Elana Fertig, Johns Hopkins University
Two years ago, former President Barack Obama announced the Precision Medicine initiative in his State of the Union Address. The initiative aspired to a “new era of medicine” where disease treatments could be specifically tailored to each patient’s genetic code.
This resonated soundly in cancer medicine. Patients can already manage their cancer with therapies that target the specific genes that are altered in their particular tumour. For example, women with a type of breast cancer caused by the amplification of gene HER2 are often treated with a therapeutic called herceptin. Because these targeted therapeutics are specific to cancer cells, they tend to have fewer side effects than traditional cancer treatments with chemotherapy or radiation.
However, such treatments are not available for most cancer patients. In many cancers, the specific genetic alterations that are responsible for a cancer remain unknown. To create individualised cancer treatments, we must know more about the functional genetic alterations.
With data on cancer genetics growing rapidly, mathematics and statistics can now help unlock the hidden patterns in this data to find the genes that are responsible for an individual’s cancer. With this knowledge, physicians can select appropriate treatments that block the action of these genes to personalize therapies for individual patients. My research aims to improve precision medicine in cancer – by building on the same methods that have been used to find patterns in Netflix movie ratings.
Sifting through the data
Today, there is unprecedented public access to cancer genetics data. These data come from generous patients who donate their tumour samples for research. Scientists then apply sequencing technologies to measure the mutations and activity in each of the 20,000 genes in the human genome.
All these data are a direct result of the Human Genome Project in 2003. That project determined the sequence for all the genes that make up healthy human DNA. Since the completion of that project, the cost of sequencing the human genome has more than halved every year, surpassing the growth of computing power described in Moore’s Law. This cost reduction enables researches to collect unprecedented genetics data from cancer patients.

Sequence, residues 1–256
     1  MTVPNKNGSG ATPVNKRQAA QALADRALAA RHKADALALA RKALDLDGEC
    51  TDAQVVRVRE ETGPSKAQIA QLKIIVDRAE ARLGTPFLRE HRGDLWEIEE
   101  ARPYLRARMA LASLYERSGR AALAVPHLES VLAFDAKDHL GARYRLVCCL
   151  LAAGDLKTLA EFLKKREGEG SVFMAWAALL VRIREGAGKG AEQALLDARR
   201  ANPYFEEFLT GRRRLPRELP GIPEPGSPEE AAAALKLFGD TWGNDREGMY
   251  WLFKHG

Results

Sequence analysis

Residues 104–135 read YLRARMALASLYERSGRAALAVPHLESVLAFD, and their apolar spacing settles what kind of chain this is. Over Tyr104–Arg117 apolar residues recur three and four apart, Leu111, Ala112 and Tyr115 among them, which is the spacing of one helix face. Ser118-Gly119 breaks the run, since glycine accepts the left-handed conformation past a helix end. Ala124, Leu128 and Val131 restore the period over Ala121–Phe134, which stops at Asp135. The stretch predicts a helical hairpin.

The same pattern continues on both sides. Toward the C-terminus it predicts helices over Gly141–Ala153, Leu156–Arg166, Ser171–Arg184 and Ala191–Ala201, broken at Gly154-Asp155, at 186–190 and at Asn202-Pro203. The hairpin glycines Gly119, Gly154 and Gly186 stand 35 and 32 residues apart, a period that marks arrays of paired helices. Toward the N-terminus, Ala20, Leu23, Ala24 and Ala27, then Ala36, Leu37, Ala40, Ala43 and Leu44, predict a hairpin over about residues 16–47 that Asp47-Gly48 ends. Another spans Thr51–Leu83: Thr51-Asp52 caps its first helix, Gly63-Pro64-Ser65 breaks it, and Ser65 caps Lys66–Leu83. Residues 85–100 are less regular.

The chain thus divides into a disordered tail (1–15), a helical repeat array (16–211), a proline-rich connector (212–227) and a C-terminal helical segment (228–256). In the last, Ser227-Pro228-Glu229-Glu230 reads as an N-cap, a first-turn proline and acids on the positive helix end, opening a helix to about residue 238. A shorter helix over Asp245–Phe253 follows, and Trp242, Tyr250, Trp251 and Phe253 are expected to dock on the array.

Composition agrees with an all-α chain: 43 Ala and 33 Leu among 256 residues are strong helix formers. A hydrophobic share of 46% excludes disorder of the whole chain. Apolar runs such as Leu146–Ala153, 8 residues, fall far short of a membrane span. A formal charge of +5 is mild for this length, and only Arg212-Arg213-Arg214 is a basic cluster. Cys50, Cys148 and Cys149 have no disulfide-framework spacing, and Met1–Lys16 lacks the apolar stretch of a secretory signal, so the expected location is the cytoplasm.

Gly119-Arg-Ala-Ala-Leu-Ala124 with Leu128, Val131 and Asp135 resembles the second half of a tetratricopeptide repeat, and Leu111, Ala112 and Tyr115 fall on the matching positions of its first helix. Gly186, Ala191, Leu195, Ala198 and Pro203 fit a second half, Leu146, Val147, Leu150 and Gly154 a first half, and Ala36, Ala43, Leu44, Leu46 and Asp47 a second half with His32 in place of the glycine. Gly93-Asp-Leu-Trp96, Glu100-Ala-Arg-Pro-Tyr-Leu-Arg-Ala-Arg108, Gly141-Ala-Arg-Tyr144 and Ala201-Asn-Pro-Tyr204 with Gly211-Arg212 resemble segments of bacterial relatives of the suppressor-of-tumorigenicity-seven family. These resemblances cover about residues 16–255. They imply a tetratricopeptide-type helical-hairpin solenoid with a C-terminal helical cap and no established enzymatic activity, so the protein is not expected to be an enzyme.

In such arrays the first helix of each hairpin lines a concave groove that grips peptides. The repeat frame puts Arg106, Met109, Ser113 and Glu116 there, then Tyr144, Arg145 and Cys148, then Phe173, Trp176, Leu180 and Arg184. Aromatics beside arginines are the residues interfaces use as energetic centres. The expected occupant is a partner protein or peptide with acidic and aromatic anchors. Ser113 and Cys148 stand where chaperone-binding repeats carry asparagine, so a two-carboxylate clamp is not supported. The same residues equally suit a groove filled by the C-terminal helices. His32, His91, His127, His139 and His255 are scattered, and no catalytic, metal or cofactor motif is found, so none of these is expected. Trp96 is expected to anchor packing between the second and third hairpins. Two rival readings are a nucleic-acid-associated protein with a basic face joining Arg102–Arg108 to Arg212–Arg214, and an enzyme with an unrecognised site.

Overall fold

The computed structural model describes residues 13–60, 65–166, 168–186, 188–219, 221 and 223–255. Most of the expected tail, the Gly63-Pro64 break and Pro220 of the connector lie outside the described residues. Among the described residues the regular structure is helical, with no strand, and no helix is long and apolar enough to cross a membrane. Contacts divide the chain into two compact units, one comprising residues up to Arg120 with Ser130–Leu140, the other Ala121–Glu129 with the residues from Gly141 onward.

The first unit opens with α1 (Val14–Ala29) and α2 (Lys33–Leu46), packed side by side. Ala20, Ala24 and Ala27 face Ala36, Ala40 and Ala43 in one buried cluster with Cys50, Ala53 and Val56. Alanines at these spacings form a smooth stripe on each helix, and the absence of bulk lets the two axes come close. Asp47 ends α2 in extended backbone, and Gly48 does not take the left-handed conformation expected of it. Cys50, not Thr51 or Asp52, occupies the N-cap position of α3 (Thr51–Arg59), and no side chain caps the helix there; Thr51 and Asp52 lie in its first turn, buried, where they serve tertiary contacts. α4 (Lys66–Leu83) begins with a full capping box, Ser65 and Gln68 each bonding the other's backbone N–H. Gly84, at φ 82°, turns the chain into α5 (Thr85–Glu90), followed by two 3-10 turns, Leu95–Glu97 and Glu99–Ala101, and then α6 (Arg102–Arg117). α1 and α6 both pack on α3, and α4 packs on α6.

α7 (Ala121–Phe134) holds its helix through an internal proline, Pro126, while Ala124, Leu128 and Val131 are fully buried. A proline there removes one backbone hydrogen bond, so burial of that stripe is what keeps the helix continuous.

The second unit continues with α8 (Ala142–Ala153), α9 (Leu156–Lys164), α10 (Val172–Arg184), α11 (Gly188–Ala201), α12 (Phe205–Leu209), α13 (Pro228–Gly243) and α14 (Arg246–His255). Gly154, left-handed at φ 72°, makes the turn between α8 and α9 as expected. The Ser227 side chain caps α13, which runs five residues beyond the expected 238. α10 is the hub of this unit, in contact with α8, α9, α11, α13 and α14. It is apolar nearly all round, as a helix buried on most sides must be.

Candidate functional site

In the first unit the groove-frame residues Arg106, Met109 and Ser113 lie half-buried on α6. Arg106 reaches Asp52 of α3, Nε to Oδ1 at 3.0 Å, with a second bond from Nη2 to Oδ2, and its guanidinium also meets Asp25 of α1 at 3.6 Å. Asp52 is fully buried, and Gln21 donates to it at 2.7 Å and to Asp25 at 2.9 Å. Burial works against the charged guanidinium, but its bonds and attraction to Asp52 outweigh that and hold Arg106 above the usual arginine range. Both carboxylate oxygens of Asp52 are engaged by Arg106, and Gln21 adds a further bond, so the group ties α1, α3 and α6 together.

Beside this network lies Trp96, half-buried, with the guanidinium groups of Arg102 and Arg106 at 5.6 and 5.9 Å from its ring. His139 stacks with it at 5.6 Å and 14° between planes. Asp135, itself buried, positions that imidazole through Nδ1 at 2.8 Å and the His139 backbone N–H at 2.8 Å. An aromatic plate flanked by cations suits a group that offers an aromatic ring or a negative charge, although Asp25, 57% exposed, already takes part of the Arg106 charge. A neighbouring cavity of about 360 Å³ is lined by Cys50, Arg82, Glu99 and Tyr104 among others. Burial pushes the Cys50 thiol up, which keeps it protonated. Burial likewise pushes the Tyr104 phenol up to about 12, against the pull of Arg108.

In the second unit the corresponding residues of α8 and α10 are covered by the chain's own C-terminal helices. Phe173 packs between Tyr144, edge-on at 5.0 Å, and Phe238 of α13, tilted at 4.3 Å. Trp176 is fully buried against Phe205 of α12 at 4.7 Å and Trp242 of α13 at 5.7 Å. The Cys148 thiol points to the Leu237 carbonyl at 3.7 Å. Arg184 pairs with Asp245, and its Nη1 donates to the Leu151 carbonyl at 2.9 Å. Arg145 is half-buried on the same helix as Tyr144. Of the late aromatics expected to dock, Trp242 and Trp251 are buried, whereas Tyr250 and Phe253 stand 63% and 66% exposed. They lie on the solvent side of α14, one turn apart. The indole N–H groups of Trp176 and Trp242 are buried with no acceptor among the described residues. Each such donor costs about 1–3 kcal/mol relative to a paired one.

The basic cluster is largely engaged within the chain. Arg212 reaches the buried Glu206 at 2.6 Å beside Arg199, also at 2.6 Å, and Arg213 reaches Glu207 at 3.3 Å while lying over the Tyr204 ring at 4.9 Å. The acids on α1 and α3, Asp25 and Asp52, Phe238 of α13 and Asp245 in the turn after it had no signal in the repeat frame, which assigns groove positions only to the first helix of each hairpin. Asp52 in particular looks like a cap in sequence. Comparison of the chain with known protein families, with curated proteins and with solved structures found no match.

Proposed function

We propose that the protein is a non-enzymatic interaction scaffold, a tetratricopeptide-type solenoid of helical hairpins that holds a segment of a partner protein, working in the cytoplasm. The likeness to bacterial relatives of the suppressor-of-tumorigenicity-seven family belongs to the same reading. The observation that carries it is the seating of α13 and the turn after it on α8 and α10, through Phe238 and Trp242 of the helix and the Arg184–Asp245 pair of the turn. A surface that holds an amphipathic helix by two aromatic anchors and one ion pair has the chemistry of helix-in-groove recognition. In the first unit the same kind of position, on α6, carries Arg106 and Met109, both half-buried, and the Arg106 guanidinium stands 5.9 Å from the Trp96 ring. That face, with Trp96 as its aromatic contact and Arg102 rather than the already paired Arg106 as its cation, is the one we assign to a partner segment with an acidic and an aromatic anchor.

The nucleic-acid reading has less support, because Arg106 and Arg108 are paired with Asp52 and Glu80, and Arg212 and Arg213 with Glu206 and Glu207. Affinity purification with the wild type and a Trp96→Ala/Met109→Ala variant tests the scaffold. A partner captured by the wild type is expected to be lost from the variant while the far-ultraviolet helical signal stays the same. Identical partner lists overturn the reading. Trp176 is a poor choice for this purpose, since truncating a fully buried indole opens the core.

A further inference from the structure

Most scientific studies on cancer genetics performed worldwide release their data to a centralized, public database provided by the U.S. National Institutes of Health (NIH) National Library of Medicine. The NIH National Cancer Institute and National Human Genome Research Institute have also freely released genetic data from over 11,000 tumours in 33 cancer types through a project called The Cancer Genome Atlas.
Every biological function – from extracting energy from food to healing a wound – results from activity in different combinations of genes. Cancers hijack the genes that enable people to grow to adulthood and that protect the body from the immune system. Researchers dub these the “hallmarks of cancer.” This so-called gene dysregulation enables a tumour to grow uncontrollably and form metastases in distant organs from the original tumour site.
Researchers are actively using these public data to find the set of gene alterations that are responsible for each tumour type. But this problem is not as simple is identifying a single dysregulated gene in each tumour. Hundreds, if not thousands, of the 20,000 genes in the human genome are dysregulated in cancer. The group of dysregulated genes varies in each patient’s tumour, with smaller sets of commonly reused genes enabling each cancer hallmark.
Precision medicine relies on finding the smaller groups of dysregulated genes that are responsible for biological function in each patient’s tumour. But, genes may have multiple biological functions in different contexts. Therefore, researchers must uncover a set of “overlapping” genes that have common functions in a set of cancer patients.
Linking gene status to function requires complex mathematics and immense computing power. This knowledge is essential to predict of outcome to therapies that would block the function of these genes. So, how can we uncover those overlapping features to predict individual outcomes for patients?
What Netflix can teach us
Fortunately for us, this problem has already been solved in computer science. The answer is a class of techniques called “matrix factorization” – and you’ve likely already interacted with these techniques in your everyday life.